District Court advances ranch group lawsuit challenging USDA’s operation of Beef Checkoff program
BILLINGS, Mont. – Yesterday, Sept. 29, the U.S. District Court for the District of Columbia ruled that a lawsuit brought by independent ranchers who claim that the Beef Checkoff program threatens their livelihoods can proceed. The court’s opinion denies a motion to dismiss by the U.S. Department of Agriculture, writing that the ranchers have successfully alleged they have “associational standing” to challenge USDA’s practices. The case will proceed to discovery, through which the public may be able to glean more details about Big Ag’s influence on the Beef Checkoff.
R-CALF USA, through attorneys at Public Justice, filed this newer legal challenge over amendments the USDA made to the operation of the federal Beef Checkoff program in the U.S. District Court for the District of Columbia in September 2020. The new lawsuit builds on R-CALF USA’s Montana litigation, which challenged the constitutionality of the use of Checkoff funds by private state beef councils to fund speech that is harmful to independent, domestic producers.
R-CALF USA had argued that the government’s Memoranda of Understandings that purport to convert the 15 private state beef councils’ unconstitutional private speech into government speech are inadequate to cure the constitutional violations in the federal Beef Checkoff program. The district court and Ninth Circuit rejected this argument concluding that while the program had been administered in violation of the Constitution for decades, the MOUs rectified that constitutional violation. R-CALF is considering its options for how to proceed in the Montana litigation.
The newer lawsuit goes further in its challenge to the MOUs, asserting that the government unlawfully amended the legal and regulatory framework within which the state beef councils operate, without first initiating a public rulemaking process that affords the public with notice of its proposed amendments and provides the public with an opportunity to provide comments before the amendments are implemented. R-CALF USA, represented by Public Justice, contends that, in entering into the MOUs, USDA denied R-CALF USA’s members — and ranchers everywhere — their right to weigh in on a federal program they are forced to fund.
Thus, the newer lawsuit advanced yesterday asks the federal district court in Washington, D.C., to declare the MOUs unlawful. In its ruling the court stated it was possible the MOUs and the checkoff program as a whole are costing independent ranchers money by promoting corporate, generic beef at the expense of that raised by independent, domestic ranchers. Thus, R-CALF USA is entitled to proceed with its challenge and can obtain discovery to prove the harms caused by the checkoff.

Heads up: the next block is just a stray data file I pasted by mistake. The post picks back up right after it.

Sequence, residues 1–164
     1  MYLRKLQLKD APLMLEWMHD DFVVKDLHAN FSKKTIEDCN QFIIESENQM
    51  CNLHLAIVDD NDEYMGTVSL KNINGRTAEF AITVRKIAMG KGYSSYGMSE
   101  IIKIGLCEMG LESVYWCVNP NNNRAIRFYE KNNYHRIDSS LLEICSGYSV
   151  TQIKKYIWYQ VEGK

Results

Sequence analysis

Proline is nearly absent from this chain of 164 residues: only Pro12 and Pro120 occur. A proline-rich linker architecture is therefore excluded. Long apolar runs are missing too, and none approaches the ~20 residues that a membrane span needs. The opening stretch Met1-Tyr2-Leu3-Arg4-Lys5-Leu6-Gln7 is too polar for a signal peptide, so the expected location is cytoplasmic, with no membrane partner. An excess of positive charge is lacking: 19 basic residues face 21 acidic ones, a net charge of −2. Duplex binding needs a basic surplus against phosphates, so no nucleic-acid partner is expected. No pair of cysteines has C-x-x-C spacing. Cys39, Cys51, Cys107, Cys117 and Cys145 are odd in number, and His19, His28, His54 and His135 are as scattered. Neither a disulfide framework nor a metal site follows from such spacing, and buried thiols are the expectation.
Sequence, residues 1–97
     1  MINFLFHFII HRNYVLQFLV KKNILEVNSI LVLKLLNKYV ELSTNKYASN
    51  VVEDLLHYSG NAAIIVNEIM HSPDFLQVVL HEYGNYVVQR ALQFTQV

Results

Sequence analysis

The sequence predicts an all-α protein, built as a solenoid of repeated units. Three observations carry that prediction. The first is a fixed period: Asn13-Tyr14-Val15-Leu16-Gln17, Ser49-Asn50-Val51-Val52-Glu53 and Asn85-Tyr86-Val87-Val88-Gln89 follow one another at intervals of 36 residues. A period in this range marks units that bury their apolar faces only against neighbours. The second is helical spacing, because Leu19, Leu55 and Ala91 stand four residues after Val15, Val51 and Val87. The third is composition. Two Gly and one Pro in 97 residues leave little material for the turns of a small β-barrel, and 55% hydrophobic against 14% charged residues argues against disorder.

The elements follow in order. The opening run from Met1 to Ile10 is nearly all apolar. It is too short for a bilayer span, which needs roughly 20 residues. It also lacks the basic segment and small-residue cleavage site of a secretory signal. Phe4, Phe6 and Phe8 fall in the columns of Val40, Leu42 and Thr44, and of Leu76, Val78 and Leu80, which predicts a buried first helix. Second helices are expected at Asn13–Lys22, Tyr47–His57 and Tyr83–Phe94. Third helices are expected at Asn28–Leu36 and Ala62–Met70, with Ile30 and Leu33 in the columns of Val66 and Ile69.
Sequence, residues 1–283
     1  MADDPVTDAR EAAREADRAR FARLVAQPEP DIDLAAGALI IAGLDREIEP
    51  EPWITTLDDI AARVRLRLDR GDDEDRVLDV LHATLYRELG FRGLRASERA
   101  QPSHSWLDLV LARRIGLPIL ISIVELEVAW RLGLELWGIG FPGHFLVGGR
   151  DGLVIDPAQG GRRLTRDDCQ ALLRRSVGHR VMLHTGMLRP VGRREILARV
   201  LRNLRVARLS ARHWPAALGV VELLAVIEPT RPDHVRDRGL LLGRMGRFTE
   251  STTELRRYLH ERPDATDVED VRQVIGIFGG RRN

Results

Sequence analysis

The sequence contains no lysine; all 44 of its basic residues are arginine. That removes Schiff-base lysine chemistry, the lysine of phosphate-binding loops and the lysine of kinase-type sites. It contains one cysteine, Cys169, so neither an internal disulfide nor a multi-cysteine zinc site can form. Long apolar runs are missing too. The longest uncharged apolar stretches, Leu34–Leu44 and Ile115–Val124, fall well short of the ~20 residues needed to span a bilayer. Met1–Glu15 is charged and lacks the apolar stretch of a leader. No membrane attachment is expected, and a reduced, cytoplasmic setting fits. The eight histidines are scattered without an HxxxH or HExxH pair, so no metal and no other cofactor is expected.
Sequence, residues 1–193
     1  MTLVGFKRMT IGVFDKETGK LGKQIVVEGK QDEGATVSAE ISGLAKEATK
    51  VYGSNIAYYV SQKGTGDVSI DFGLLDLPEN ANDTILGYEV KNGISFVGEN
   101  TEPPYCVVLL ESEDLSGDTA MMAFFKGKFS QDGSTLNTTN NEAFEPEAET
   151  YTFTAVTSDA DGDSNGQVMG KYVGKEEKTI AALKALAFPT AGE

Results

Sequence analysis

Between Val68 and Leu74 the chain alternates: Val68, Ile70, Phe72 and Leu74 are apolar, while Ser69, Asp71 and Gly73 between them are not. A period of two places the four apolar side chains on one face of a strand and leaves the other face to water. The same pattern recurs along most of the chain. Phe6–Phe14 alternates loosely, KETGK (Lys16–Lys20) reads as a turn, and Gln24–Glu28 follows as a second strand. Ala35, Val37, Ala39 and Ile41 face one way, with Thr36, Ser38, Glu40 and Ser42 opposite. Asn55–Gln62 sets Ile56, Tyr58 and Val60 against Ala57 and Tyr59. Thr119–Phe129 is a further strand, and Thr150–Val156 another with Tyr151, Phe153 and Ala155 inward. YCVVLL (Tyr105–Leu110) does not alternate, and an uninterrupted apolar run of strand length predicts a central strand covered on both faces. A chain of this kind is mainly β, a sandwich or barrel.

“The district court ruling yesterday rightly recognizes that independent ranchers have a right through the courts to challenge a system that uses their money to prop up multinational agribusiness,” said David Muraskin, litigation director of the Public Justice Food Project and counsel for R-CALF USA. “USDA entered into these MOUs illegally by skipping a true public input process, which is essential to good governing. It continues to be a long fight for American ranchers who just want the level playing field they’re entitled to by law, and today represents a victory in that long fight.”
R-CALF USA CEO Bill Bullard said the lawsuit was filed to prevent the USDA from engaging in unlawful government overreach. “As a federal agency, the USDA is authorized only to carry out federal statutes, and if conditions change and the implementing regulations for the statutes need to be changed, then the agency is obligated to involve the people and entities it regulates in a transparent process. This is an example where the USDA, instead, is attempting to run roughshod over those it regulates,” Bullard said.
The North Park Stockgrowers Association and Western Landowners Alliance hosted a meeting in Walden, Colo., on June 20 for northern Colorado ranchers focused on reducing conflict between working lands and wildlife as naturally migrating wolves…
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